now accepting applications

Introducing, Obie!

Please carefully review the information below. If you feel like your family might be the perfect forever home for Obie, please submit an adoption application!


Adoption Fee



Council Bluffs, IA


English Bulldog




6 years old [DOB: 06/05/2017]


60 lbs


16 years and older, no exceptions!


Yes, dog savvy


Yes, easy going, non-confrontational dogs only

Fenced Yard

Required, privacy fencing preferred


Obie’s Story

Obie was surrendered to SNAFU Rescue because his family was going through a divorce and were not able to continue caring for him at that time. Obie has a bite history and will require diligent, calm, firm and consistent leadership with his adoptive family.

Despite his quirks, Obie is a great dog who is happy, loving, and playful. Of course, he is a Bulldog so he also enjoys lounging and being lazy too! Obie‘s foster home reports he is very good boy the majority of the time. Obie loves attention from his trusted humans and enjoys playing with his beloved Jollyballs when he is in a playful mood. His body language must continuously be watched closely as he can be sensitive about certain touches and/or situations that make him feel insecure and unsure. When he plays (and while he doesn‘t mean it in an aggressive way when he is playing) he does sound a little ferocious and loves to growl quite loudly while he (literally) prances around and tosses his ball around the room. He has an adorable little prance that he does when he is happy and/or excited. For him, “a tired dog is a happy dog” would likely be his best course of action for success in his adoptive home.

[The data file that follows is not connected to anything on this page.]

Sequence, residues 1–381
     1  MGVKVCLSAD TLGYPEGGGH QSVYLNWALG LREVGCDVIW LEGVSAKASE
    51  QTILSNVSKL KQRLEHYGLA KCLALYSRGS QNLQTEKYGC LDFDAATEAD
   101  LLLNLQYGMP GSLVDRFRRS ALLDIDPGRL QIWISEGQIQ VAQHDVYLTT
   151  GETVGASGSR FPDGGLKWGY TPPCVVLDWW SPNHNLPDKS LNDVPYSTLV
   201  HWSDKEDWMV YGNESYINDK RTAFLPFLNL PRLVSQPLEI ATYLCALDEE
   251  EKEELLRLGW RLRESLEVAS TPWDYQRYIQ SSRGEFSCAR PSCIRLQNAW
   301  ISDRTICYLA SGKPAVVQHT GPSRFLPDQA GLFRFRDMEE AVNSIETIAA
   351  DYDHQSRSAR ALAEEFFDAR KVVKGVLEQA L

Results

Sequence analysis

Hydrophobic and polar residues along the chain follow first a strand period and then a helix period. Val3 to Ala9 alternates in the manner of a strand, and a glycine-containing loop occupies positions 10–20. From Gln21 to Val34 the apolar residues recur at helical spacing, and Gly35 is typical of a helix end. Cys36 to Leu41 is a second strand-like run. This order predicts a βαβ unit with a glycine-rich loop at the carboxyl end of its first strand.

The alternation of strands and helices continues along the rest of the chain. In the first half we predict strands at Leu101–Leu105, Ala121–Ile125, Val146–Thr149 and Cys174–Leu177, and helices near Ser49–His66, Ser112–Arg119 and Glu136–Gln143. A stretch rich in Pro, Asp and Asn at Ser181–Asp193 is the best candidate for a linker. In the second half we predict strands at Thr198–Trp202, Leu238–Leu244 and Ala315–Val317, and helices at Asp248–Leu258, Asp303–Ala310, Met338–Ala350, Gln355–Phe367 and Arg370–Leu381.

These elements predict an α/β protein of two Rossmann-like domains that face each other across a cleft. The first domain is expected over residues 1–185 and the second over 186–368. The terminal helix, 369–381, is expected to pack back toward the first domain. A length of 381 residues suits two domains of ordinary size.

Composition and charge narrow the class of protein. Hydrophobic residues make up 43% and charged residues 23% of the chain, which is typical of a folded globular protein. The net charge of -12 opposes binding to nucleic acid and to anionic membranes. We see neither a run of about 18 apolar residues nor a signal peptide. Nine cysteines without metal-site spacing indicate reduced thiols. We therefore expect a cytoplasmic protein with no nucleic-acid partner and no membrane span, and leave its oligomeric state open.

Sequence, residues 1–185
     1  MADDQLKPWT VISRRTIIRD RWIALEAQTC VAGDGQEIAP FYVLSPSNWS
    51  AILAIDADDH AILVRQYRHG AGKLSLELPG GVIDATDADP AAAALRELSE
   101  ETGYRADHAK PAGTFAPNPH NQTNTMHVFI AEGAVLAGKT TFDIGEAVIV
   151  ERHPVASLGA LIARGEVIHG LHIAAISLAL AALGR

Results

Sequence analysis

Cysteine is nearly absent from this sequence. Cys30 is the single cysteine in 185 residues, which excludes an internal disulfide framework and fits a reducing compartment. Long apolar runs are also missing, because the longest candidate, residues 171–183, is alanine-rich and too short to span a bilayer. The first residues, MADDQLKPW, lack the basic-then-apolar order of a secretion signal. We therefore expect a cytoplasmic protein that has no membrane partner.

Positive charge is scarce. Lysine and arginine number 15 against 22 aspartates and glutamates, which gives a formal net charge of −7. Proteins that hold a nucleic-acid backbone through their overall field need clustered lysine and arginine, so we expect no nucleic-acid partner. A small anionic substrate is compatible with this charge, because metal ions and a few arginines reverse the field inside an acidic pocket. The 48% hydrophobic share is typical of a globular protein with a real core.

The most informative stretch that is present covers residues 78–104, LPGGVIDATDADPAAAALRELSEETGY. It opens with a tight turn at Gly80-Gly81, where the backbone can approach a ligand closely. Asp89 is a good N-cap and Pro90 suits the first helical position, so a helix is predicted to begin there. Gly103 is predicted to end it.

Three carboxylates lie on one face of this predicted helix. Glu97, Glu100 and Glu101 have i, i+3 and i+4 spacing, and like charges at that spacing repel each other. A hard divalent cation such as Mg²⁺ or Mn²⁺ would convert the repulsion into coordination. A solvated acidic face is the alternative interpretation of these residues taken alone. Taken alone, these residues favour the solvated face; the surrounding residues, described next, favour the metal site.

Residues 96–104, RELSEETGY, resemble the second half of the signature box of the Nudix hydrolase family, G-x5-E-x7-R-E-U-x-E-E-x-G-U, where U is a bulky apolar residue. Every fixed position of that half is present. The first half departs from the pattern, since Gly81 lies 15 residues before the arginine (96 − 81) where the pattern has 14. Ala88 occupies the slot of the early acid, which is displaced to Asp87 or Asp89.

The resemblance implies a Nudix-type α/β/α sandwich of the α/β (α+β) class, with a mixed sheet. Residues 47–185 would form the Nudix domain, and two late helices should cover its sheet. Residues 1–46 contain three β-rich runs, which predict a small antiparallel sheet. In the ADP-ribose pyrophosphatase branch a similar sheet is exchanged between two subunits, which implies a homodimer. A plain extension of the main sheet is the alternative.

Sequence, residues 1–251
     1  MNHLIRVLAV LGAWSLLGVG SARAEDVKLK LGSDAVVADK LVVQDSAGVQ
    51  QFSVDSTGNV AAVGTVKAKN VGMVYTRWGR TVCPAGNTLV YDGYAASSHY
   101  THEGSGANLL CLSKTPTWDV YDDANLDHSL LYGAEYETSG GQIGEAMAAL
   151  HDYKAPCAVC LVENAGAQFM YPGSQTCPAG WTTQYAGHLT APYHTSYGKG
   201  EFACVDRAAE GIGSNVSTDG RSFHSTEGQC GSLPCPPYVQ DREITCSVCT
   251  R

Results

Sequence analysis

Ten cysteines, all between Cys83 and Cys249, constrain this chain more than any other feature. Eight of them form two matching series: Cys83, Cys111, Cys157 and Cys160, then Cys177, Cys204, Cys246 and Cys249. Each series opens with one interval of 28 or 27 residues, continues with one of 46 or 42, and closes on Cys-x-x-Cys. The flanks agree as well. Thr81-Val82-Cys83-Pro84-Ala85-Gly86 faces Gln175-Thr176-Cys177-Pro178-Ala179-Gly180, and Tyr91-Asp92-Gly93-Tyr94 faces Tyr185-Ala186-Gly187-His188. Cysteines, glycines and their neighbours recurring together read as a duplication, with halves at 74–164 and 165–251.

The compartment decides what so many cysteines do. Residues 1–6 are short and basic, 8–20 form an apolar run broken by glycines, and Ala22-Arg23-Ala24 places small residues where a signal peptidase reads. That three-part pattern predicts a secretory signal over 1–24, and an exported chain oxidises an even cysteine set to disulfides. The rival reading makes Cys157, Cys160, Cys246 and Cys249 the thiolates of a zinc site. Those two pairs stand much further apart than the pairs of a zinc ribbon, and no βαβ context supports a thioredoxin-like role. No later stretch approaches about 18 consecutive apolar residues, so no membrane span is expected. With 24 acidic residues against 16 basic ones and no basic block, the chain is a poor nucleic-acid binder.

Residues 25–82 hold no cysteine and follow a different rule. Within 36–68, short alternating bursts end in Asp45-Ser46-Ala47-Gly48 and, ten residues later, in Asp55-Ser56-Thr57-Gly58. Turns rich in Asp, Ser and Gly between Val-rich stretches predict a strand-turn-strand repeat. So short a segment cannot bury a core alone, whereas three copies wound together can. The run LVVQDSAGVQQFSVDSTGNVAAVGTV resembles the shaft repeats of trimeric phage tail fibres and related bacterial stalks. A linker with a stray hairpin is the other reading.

When he isn‘t playing, he is content to lay on his dog bed next to the couch and suckle on a stuffed toy and snooze. He is not allowed up on furniture in his foster home and should never be allowed to be in an elevated position (up on a couch, bed, chair, ottoman, etc.). Obie is likely not a dog that one will be able to snuggle on the couch or in bed with. However, he is just as happy being near his people, getting head scratches and hanging out with them. He will occasionally resource guard his ball a bit around other dogs if they are attempting to steal it away but overall plays “keep away” pretty well with the other dogs in his foster home for the most part. They are always monitored to ensure one isn’t stealing the others toys and are being respectful of each other during playtime.